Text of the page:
As bishops from around the world prepare to respond to the clear need for better pastoral care of gay, lesbian, and transgender people at the upcoming Synod, we can only hope that they will hear from and focus on those voices (on both sides of this issue and anywhere in between) dedicated to dialogue and love, rather than those spewing hatred (of the Church or gay and lesbian people) or pushing legalism. The road ahead is not entirely clear, but if we are guided by the wisdom and love of Christ, we will surely find our way.




Pope Francis Praises Heroism of Parents Who Chose Life

Politicians and activists often see themselves as the heroes of the pro-life movement. But the real heroes are the parents who choose life, even in difficult circumstances. Sometimes these circumstances are the result of our society’s failure to support families and ensure that they have all of their needs met. Sometimes they result from decisions made by one or both of the parents that they later regret. Other times, the child has a serious illness or disability. An obscene number of these children are killed, inextricably linking the pro-life cause with the fight for disability rights. These parents who choose life know the road ahead will not always be easy, but refuse to cast aside their precious children. Instead they affirm the value and worth of their children against a culture that too often estimates a person’s worth using a brutal utilitarian calculation that finds little value in the weak and vulnerable. Pope Francis has rightly labeled such parents heroes:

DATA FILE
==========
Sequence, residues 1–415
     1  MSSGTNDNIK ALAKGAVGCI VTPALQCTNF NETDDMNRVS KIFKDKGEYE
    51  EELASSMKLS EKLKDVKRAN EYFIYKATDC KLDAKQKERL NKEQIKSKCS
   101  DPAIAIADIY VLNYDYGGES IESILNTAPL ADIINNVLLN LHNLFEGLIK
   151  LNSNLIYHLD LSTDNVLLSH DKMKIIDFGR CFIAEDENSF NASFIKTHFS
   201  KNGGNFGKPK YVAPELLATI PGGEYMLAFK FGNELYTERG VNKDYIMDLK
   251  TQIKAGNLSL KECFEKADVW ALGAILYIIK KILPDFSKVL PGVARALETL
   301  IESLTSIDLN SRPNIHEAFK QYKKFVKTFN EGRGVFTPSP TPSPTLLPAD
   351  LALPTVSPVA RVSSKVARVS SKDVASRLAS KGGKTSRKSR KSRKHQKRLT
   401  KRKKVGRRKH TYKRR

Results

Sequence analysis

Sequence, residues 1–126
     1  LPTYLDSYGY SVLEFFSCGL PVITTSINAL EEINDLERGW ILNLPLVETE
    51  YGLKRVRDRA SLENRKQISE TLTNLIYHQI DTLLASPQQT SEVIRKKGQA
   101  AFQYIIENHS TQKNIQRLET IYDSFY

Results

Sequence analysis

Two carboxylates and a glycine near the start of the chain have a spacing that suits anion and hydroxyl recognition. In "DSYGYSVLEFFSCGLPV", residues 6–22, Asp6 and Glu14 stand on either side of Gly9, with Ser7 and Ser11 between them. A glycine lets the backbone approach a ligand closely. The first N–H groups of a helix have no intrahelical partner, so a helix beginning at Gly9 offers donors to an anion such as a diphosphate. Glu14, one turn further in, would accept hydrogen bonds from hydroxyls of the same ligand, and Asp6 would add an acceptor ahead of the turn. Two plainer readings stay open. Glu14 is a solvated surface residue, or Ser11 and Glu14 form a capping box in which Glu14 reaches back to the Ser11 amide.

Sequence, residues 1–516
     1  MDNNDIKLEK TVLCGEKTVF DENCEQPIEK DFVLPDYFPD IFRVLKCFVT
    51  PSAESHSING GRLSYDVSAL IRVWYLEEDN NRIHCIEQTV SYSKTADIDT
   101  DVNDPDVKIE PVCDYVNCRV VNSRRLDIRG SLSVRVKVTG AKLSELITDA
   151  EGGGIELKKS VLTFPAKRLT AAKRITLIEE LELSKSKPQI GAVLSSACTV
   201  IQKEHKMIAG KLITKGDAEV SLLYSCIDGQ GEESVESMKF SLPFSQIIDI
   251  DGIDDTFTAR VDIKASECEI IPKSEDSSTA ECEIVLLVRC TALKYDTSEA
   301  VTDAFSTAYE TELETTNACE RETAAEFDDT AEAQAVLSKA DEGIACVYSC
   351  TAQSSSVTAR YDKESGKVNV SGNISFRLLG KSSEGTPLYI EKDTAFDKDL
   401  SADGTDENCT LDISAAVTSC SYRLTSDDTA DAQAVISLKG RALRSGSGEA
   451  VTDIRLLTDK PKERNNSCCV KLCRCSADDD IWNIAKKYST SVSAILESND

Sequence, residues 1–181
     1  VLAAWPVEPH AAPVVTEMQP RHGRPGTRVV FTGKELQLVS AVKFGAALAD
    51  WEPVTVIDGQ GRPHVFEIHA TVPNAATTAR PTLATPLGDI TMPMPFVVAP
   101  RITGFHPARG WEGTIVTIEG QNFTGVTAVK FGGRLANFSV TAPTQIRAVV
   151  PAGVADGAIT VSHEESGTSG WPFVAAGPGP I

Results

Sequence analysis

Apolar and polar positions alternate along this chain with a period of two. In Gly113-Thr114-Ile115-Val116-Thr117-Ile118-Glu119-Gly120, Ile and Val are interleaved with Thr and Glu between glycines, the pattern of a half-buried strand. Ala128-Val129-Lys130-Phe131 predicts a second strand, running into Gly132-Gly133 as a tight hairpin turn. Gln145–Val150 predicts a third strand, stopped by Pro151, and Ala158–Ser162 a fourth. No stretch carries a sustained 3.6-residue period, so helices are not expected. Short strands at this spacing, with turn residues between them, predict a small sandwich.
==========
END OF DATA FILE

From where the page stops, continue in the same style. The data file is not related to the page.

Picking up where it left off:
Francis met for nearly an hour with a group of severely ill children and their parents Friday…

The Vatican said Francis spent time with each child, who ranged in age from two to 14. The father of one child, Andrea Maria, told Francis how doctors had advised his wife to have an abortion because of a difficult pregnancy and the child’s ailments but that they refused.

A Vatican statement of the closed meeting said Francis expressed his admiration for their courage, saying abortion is a false solution and that such parents show “heroism.”

These are the heroes of everyday life. It is good to see the pope recognize some of these “saints of daily life” that are helping to build the kingdom of God right now.


Nebraska Abolishes the Death Penalty